Editorâ€™s Note: ACRLog is hosting a team of ALA Emerging Leaders. Each month one of our Emerging Leaders will contribute a guest post, and each will focus on some aspect of gearing up for the ALA Annual Conference in Washington, DC. This month the series takes on a slightly different topic than the Annual Conference. Miriam Rigby, Assistant Professor, Social Sciences Librarian for Anthropology, Sociology, Ethnic Studies,Geography & Clark Honors College at the University of Oregon, shares some thoughts about blogging.
One of the questions posed to our Emerging Leaders team when we took on this project to write posts for ACRLog and ACRL Insider, was whether blogs were still relevant. Based on my habits, which include subscribing to over 60 blogs through Google Reader, my initial gut reaction was “of course!” But then I started wondering, “are blogs the new Second Life?” No offense to people who find Second Life useful or entertaining, but outside of the realms of librarianship and advertising, very few people I know think it is relevant; some are surprised to hear it still exists or is used at all. And these people are visibly shocked when I tell them of ACRL conference presentations in which Second Life is used, or even discussed. Anecdotes, to be sure – from a small pool of people no less – but noteworthy, I think.
Blogs seem different though. The New York Times has dozens of blogs. There are mega-blogs run along the lines of traditional news sources, with multiple, regular columnists and editors; take Boing Boing or Gizmodo for instance. There are even peer-edited blogs such as In the Library With the Lead Pipe. And if, for a minute we can conflate the ideas of blogs and rss feeds, even the Anthropology Department that I am a subject-specialist for at the University of Oregon has a â€œblogâ€ to which I can subscribe to keep up to date with all of the awards and accomplishments the department achieves.
As an aside, subscriptions like these, through my Google Reader, are crucial to my blog reading habits; this rss aggregator compiles all of the blogs I follow in one place, and I am notified when there is a new post. This saves me hours of bouncing around the web, trying to find out if anyone has posted something new.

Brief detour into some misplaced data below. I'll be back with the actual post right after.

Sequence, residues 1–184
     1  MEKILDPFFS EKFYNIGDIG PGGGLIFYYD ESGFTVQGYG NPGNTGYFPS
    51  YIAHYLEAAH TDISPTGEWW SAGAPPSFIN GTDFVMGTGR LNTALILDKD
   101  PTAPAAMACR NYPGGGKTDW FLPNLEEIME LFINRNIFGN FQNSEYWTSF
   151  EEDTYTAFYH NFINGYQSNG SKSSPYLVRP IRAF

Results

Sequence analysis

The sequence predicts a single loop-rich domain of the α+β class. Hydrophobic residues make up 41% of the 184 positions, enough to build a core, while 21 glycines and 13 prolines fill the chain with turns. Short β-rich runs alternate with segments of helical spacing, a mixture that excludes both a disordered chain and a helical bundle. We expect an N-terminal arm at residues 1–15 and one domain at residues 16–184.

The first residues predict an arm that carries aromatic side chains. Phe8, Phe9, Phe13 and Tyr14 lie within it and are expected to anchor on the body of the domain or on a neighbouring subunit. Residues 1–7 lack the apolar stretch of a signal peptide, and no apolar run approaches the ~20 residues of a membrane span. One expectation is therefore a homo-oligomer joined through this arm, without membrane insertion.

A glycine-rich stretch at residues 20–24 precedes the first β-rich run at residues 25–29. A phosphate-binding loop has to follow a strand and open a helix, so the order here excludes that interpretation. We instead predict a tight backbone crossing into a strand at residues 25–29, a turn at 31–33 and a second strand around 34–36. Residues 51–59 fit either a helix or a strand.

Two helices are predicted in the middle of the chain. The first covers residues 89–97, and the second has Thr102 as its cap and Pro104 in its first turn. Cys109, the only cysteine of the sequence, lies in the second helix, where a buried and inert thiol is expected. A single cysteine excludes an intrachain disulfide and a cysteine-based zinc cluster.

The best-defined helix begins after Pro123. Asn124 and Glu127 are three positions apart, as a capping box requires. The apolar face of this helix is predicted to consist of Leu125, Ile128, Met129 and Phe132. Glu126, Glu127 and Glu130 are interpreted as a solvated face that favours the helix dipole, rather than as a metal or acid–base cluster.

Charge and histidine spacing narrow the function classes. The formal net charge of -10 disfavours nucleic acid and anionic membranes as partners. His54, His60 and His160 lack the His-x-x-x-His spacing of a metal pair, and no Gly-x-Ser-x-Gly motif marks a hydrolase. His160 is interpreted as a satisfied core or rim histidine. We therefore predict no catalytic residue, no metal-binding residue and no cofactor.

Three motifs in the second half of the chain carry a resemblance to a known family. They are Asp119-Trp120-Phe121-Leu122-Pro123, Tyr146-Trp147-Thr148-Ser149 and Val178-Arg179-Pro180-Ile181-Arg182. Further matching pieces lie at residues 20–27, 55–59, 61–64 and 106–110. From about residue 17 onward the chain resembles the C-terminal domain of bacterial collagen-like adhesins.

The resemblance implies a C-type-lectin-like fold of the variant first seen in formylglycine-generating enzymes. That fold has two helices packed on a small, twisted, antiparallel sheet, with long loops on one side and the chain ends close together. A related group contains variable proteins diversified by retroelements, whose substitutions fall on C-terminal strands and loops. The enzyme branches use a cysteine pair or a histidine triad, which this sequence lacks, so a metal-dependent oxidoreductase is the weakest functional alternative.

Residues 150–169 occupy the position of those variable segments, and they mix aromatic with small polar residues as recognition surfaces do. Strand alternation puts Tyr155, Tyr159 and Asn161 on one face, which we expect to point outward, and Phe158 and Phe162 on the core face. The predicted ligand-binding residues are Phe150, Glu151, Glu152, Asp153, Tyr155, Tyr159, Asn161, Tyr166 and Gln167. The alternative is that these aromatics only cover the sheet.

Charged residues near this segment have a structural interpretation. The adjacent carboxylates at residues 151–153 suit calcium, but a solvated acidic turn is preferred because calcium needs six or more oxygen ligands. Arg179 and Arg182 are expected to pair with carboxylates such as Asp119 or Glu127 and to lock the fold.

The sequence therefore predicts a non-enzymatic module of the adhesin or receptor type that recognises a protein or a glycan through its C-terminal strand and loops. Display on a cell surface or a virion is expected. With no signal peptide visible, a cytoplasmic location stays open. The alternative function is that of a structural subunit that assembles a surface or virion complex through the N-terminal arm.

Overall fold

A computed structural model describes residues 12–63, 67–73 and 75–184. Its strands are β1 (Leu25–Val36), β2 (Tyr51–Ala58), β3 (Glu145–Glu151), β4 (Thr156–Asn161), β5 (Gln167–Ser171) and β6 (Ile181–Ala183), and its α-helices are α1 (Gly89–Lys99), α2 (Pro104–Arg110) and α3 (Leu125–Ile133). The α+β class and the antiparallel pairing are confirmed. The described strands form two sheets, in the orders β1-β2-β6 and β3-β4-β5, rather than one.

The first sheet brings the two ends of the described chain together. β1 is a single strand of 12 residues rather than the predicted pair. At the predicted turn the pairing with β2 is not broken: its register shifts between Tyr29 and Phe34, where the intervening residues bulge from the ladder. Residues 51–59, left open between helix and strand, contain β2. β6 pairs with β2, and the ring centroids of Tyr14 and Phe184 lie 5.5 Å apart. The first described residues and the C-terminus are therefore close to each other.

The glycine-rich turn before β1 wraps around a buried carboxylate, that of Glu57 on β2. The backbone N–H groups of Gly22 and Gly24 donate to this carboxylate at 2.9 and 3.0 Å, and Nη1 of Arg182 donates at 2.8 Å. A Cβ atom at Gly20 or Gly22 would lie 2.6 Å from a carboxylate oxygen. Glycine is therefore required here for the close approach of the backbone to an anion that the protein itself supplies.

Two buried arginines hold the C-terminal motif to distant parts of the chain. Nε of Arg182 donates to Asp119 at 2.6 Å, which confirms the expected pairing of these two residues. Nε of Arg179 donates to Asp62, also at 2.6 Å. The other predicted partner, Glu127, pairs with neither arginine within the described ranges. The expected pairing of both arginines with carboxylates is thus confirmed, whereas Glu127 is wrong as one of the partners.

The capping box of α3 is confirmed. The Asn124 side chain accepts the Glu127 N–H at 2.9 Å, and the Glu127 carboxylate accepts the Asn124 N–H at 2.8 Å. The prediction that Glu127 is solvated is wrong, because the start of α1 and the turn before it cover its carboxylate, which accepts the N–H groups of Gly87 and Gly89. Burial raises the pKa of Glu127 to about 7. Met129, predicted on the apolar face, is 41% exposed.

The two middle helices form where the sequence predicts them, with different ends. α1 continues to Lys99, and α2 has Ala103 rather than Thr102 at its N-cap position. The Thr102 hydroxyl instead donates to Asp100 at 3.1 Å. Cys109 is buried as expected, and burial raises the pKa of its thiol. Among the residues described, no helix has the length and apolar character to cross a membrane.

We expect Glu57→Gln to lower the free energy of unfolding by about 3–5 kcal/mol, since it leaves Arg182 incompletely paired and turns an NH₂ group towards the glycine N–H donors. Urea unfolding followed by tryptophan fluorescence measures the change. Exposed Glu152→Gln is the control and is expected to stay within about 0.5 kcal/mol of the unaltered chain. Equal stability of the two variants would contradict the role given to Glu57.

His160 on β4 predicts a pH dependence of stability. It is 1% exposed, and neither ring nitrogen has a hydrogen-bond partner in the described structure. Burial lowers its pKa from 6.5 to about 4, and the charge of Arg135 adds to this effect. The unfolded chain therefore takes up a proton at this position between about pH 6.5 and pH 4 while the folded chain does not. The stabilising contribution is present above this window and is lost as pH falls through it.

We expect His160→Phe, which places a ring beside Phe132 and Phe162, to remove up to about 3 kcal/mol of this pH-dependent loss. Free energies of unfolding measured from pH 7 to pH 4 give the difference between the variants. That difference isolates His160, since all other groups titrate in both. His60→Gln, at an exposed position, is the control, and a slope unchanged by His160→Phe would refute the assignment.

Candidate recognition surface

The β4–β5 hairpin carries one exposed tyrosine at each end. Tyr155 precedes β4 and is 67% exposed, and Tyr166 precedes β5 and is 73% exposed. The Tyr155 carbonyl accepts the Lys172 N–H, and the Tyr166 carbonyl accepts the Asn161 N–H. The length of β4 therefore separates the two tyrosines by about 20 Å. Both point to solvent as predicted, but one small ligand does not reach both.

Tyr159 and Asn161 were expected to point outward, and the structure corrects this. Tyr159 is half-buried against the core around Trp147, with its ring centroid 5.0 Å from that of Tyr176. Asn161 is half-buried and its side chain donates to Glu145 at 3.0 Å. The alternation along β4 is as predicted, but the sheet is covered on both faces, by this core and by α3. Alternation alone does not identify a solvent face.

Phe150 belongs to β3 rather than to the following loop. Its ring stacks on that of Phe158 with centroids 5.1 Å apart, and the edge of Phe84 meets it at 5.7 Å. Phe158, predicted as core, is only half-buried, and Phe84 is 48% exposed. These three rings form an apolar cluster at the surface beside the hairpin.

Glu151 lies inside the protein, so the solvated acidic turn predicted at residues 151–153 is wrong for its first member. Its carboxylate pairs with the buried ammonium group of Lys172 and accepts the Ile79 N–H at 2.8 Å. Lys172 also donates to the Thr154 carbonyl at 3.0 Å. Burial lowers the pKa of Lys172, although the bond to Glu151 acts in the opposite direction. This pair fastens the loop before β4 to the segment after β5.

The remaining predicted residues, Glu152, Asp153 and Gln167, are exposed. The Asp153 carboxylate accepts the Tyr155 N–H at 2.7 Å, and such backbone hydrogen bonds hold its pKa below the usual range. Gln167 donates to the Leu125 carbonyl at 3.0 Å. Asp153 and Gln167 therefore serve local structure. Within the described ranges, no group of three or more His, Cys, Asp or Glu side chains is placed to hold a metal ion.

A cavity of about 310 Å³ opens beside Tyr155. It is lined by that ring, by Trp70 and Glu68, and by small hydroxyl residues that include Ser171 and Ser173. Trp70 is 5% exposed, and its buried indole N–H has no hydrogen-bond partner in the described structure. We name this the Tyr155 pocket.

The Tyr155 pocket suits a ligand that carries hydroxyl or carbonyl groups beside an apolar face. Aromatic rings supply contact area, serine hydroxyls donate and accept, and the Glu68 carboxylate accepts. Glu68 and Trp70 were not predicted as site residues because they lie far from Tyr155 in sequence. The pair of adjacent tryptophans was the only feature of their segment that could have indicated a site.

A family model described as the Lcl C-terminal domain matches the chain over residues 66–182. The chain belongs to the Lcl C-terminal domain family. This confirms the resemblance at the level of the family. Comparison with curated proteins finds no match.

Blogging is not just a hobby or a personal journal option, but also a career for many. It seems to me, that some people who are anti-blog are that way because they have an outdated view of what blogs are. Blogging is a format that has grown up and developed itself in terms of content over the past decade or so. And as it is a fairly versatile format, I don’t think that it will disappear too quickly. What I mean by all this, is that when anti-blog people think of blogs, their negativity may stem from an outdated idea of teenagersâ€™ LiveJournal or GeoCities pages from the â€˜90s; they expect the rants of an individual, rather than interesting news and links to more information. Blogs certainly still can be this (not to suggest that this particular one isnâ€™t great, it is), but they can also be well crafted, cited, authoritative sources of cutting edge science like the Public Library of Science’s (PLoS) Medical Blog. Blogs don’t have many constraints; if you can imagine it, you can probably make it and call it a blog. And as that lovely Wikipedia entry states, you can embed pretty much any content you like.
Of course, I couldn’t write a post on information sharing on the web, without mentioning social networks like Facebook and Twitter – places that are somewhat blog-like in the way that people write posts (no matter how short) and share information with each other. Perhaps these will kill the Blog?
Perhaps, but on the other hand, where is this information that is being shared via links coming from? Online newspapers… and blogs! In response to this, and Facebook’s ongoing privacy issues, some people are leaving Facebook for other sites like Tumblr, a socially networked blogging platform, while others are coming up with their own new concept for online networking and information sharing, as with Diaspora.
Notre Dame recently hosted a science and mathematics career conference for 11-14 year old girls, Expanding Your Horizons. Data Librarian, Michelle Hudson, had the pleasure of talking to some of these young women about careers in library science and information architecture, and in the process, discussed blogging with them. Apparently, none of them â€œblog,â€ but they do use Facebook. (Michelle notes that it wasn’t clear if they recognized features like “notes” on Facebook are blog-like, and their reading habits were not explored.) So, maybe there are generational differences, maybe blogging is for people over 30. Or maybe it’s a semantic issue; many things look like blogs to me, which may not be called blogs, or be understood to be blogs by their users.
But what kind of a librarian would I be if I just told you my thoughts and didn’t invoke some Web 2.0 participation via blog comments? So, you obviously read some blogs – you are here reading this. But how many blogs do you tend to read? What are your favorites? And do you go directly to the blogs’ webpages, or do you import them via RSS to a reader? And do you think blogs are relevant, or do you know of some newer, cutting edge method of keeping up to date with news and internet memes?